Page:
Although all health insurance plans must include certain features, the type of medical plan that you choose may treat visits to medical specialists in different ways. Depending on whether you have an HMO (health maintenance organization), POS (point of service) or PPO (preferred provider organization) plan, your employees may need to take different steps to ensure that their care is covered. Each insurance company also uses different rules to determine benefits for doctor visits, co-payments andother components of the plan. By thoroughly reviewing and comparing plan options, costs and benefits, you can select the right plan for your company and its employees.
In-Network and Out-of-Network Doctors
HMO, POS and PPO plans all maintain a list of preapproved doctors with whom they have pre-negotiated lower rates for care. These doctors are considered in-network, while doctors not on this list are out-of-network. Consistent across all plans, employees will pay more to see any out-of-network doctor.
Primary Care Physicians
Many HMOs require participants to select a primary care physician (PCP), who acts as a gatekeeper to any additional care. Generally, HMOs will have a tighter network of doctors approved as in-network PCPs. Employees who have long-standing relationships with specific doctors might find using a new HMO plan difficult because the doctor that they have been seeing may not be covered.
Similar to the HMO, a POS plan often requires employees to select a primary care physician for all routine care and referrals.
With a PPO health plan, employees are encouraged to select a primary care physician, but the plan won’t require the patient to see or get a referral from the PCP before seeing a medical specialist. PPOs generally offer the largest selection of in-network doctors, but the larger the network, the higher the premiums. PPOs are among the most expensive plans.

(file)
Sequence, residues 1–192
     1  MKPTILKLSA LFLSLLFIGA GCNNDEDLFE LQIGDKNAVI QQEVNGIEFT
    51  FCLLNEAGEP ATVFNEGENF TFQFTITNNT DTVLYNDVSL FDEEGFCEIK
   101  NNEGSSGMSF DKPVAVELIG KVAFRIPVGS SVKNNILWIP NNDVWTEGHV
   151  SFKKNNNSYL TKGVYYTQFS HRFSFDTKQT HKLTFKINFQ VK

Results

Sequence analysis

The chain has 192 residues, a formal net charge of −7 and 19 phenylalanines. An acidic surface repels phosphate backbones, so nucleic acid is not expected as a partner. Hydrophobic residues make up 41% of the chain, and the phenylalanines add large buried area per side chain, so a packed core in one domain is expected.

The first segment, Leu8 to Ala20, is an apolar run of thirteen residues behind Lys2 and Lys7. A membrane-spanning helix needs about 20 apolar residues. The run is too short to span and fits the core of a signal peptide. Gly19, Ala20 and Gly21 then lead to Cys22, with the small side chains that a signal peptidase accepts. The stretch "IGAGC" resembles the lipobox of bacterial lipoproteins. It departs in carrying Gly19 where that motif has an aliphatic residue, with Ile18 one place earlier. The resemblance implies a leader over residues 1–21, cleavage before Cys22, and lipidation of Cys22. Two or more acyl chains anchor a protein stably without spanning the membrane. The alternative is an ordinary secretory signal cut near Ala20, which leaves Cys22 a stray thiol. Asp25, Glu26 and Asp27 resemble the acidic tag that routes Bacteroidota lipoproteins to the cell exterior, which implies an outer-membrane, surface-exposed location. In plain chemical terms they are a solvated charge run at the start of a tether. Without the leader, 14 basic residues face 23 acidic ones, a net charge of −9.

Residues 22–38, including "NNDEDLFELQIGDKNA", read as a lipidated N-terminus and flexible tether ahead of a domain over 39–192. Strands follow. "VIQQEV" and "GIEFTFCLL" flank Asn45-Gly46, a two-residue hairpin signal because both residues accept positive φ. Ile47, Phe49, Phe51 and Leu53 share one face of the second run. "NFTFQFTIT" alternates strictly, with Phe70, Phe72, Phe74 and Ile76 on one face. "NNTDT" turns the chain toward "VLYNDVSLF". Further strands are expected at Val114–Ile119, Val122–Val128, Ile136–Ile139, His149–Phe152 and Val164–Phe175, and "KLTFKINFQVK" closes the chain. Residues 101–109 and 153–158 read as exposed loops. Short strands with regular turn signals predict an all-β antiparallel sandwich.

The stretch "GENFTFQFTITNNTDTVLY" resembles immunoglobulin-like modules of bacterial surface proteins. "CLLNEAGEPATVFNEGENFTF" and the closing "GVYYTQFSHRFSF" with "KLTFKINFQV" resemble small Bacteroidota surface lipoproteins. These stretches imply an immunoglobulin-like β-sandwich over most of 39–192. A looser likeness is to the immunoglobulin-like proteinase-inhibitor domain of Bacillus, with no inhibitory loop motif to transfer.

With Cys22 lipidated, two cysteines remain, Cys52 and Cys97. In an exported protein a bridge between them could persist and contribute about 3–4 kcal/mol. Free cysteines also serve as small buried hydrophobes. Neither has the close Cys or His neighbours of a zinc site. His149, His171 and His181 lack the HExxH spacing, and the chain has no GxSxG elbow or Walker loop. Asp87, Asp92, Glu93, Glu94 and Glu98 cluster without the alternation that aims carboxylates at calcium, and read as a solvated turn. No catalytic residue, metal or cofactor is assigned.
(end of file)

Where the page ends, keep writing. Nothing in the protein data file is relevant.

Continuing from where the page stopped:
Seeing a Specialist
With an HMO or POS, the PCP often controls access to care. Employees see a PCP first and get a referral to see medical specialists such as dermatologists, oncologists and surgeons. As with primary care physicians, the HMO will limit which in-network specialists that employees can see.
Seeing a specialist with a PPO plan is quite different. While employees aren’t required to visit a PCP to get a referral for a specialist, they may have to directly contact the insurance carrier to get pre-authorization.
Co-Payments, Deductibles and Co-Insurance
Employees typically pay low out-of-pocket costs with an HMO as long as they stay within the network. If employees chose to go outside of the approved network for additional care, they should expect to pay a large percentage of the total medical costs.
With a POS plan, employees may have some out-of-pocket costs, but the costs are likely to be low. If the employee chooses to use an out-of-network physician, he or she will bear some of the cost and will be responsible for the claim paperwork necessary to recover any fees. This freedom to visit an out-of-network doctor while still having some of the costs covered is the core difference between an HMO and a POS plan.
In a PPO plan, out-of-pocket costs will be higher than with an HMO or POS plan. Routine care and specialist visits may all mean higher co-pays. To see an out-of-network doctor, employees will play less than they would with an HMO or POS plan, but they still will be accountable for a percentage of the costs.
HMO, POS and PPO plans all serve different needs. You’ll have to assess your employees’ needs against the costs of each plan when you select your health care plan. Generally, for anyone with well-established care needs and long-standing relationships with specific doctors and medical specialists, the additional cost of a PPO may be the best choice. If employees are comfortable with one PCP managing all care, however, then an HMO might be the right option. Frequently, POS plans are a popular middle ground between HMO and PPO plans. Educating your employees about the differences in plan types will go a long way toward helping them make the best use of their benefits.
Dylan Murray has an MBA from San Diego State University and a bachelor’s degree in communication from Boston University. He is a licensed insurance agent in California, but he works as a professional researcher and writer reporting on business trends in estate law, insurance and private security. Dylan has worked as a script analyst with the Sundance Institute and the Scriptwriters Network in Los Angeles. He lives in San Diego, California, and Marseille, France.